Event Sourcing in Python
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Event Sourcing in Python

Event-oriented analysis and design with applications

About the Book

This book presents a coherent pattern language for event sourced applications and reliable distributed systems.

The main chapters of the book are organised in three parts. Part 1 describes how to make an event sourced domain model. Part 2 describes how to make an event sourced application. Part 3 describes how to make a reliable distributed system from a set of event sourced applications. Each part of the book has five chapters. Each chapter has complete working examples written in the Python programming language. The examples in later chapters build on the examples in previous chapters.

This book can be used as a general guide for event sourcing, event-driven systems, and the tactical patterns of Domain-Driven Design. It is an accompaniment to the popular Python eventsourcing library, and gives an overview of the design of this library. The chapter examples present a distilled and enhanced version of the code available in the Python eventsourcing library.

The book's prologue shows how Christopher Alexander's pattern language scheme was originally intended as a scheme for describing events, and is best understood as an application of the event-oriented modern process philosophy of Alfred North Whitehead. A discussion of the way pattern language was taken up in software development reveals how the event-oriented nature of Alexander's scheme was overlooked. The prevailing general understanding of things that has predominated objected-oriented analysis and design is identified as the two-hierarchies scheme, which involves the substance-quality categories that Whitehead had already shown to be inadequate. The deficiency of the two-hierarchies scheme is explained, and the detrimental consequences for software design patterns, object-oriented programming, software architecture, and the agile approach to software development are highlighted. A return to the event-oriented approach that is exhibited in Whitehead's and Alexander's schemes is proposed under the name of event-oriented analysis and design. A detailed summary of Whitehead's scheme is provided as a second introductory chapter at the start of the book.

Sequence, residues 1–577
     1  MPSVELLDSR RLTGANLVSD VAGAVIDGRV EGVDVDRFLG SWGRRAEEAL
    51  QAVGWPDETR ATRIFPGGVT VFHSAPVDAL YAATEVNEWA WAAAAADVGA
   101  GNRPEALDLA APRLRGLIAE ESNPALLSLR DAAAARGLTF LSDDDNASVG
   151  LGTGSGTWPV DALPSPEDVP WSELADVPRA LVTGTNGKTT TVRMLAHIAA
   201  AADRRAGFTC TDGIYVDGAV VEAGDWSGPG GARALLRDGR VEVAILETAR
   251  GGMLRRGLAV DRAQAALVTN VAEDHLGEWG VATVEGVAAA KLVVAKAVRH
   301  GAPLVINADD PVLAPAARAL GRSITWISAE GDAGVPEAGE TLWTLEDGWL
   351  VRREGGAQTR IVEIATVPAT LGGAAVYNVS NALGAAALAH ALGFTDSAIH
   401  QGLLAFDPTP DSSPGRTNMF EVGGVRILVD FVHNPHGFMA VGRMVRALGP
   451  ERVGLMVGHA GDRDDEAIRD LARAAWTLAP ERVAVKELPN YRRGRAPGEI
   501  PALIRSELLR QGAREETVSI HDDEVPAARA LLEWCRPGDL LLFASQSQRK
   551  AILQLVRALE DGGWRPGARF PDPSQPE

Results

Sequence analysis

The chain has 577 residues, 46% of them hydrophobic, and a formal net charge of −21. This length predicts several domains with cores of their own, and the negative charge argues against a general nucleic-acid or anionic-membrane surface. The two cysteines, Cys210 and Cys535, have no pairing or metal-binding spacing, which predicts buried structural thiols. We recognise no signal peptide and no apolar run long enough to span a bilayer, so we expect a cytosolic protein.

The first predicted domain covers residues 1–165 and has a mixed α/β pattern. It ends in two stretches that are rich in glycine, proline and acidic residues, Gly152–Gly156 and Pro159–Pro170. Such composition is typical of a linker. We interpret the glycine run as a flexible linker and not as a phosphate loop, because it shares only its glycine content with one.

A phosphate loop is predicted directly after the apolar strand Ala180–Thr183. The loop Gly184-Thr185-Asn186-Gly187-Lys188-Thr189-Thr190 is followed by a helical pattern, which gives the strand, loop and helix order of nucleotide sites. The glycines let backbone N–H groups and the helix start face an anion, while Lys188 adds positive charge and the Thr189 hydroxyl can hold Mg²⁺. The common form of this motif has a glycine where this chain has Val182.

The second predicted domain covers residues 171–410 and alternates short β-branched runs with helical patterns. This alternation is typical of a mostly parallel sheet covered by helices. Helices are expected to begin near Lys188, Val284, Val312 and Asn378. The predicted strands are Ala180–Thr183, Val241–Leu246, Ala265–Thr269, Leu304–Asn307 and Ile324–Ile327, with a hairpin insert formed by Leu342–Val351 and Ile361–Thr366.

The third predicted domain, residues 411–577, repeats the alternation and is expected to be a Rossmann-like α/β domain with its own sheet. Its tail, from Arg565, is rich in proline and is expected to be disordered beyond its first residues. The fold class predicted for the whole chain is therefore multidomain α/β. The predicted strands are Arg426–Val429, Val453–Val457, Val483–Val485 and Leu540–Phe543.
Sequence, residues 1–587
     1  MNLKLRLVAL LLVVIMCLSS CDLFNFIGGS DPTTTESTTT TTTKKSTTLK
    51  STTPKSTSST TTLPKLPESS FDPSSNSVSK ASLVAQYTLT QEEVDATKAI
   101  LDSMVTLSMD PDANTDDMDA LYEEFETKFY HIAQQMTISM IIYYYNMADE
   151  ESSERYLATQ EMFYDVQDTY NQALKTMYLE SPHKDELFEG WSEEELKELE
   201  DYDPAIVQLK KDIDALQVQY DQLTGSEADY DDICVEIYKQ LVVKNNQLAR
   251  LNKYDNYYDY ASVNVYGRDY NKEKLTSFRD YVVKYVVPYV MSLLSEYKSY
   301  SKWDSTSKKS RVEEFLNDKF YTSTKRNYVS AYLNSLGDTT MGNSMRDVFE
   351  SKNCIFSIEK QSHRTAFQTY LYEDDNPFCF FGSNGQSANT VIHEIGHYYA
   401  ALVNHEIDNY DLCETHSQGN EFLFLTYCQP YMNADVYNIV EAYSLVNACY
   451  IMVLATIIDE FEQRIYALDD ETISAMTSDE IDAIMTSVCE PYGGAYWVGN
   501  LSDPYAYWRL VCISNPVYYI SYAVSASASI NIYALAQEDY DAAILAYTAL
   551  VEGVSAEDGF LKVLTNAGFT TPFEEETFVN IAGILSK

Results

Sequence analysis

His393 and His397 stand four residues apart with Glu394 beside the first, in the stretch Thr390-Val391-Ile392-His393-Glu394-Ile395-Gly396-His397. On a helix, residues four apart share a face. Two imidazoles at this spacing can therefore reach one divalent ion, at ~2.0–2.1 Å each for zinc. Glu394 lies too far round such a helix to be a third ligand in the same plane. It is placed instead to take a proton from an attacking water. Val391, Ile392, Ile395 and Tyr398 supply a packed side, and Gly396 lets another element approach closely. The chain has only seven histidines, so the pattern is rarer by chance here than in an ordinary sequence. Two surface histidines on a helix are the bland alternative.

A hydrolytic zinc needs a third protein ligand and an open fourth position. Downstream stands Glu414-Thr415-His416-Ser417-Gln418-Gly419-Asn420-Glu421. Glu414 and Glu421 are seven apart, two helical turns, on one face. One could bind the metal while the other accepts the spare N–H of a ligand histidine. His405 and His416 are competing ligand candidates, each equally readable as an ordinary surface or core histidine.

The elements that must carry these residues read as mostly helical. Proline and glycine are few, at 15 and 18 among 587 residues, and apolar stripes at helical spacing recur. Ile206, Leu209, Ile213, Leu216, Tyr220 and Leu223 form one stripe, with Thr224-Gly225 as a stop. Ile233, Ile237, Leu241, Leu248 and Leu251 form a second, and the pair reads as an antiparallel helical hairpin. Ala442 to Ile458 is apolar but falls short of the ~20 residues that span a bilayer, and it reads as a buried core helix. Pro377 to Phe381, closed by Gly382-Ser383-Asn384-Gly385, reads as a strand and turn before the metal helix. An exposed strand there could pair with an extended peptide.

The book's epilogue gives an overview of both the event-oriented moment-by-moment, person-centred, psychology of Carl Rogers and its application as the collaborative or nonviolent communication scheme of Marshall Rosenberg.

This book is primarily aimed at professional software developers working under deadlines to create reliable maintainable software applications and systems that support non-trivial business processes in both startups and established corporations, especially Python developers.

This book is suitable for anybody interested in the history and philosophy of technology. It will also be interesting and useful for students and teachers of computer science and software engineering.

About the Author

John Bywater
John Bywater

Lives and works in London. Developer of the Python eventsourcing library.

Table of Contents

  • Preface
    • Prologue
      • Pattern language
      • Design patterns
      • The two-hierarchies scheme
      • The wrong objects
      • Event-oriented analysis and design
    • Whitehead's Scheme
      • Process philosophy
      • What is an actual occasion?
      • What is an event?
      • Some influences of Whitehead's scheme
    • Domains and Domain Models
    • Overview of the Patterns
    • Chapter 1 Domain Events
    • Chapter 2 Aggregates
    • Chapter 3 Mapper
    • Chapter 4 Recorder
    • Chapter 5 Event Store
  • Intermission 1 Notifications
    • Chapter 6 Notification Log
    • Chapter 7 Snapshot
    • Chapter 8 Repository
    • Chapter 9 Application
    • Chapter 10 Remote Log
  • Intermission 2 Tracking
    • Chapter 11 Log Reader
    • Chapter 12 Policy
    • Chapter 13 Process
    • Chapter 14 System
    • Chapter 15 Runner
    • Bank Accounts
    • Cargo Shipping
  • Epilogue
    • Person-centred theory
    • Collaborative communication
    • Event-oriented development

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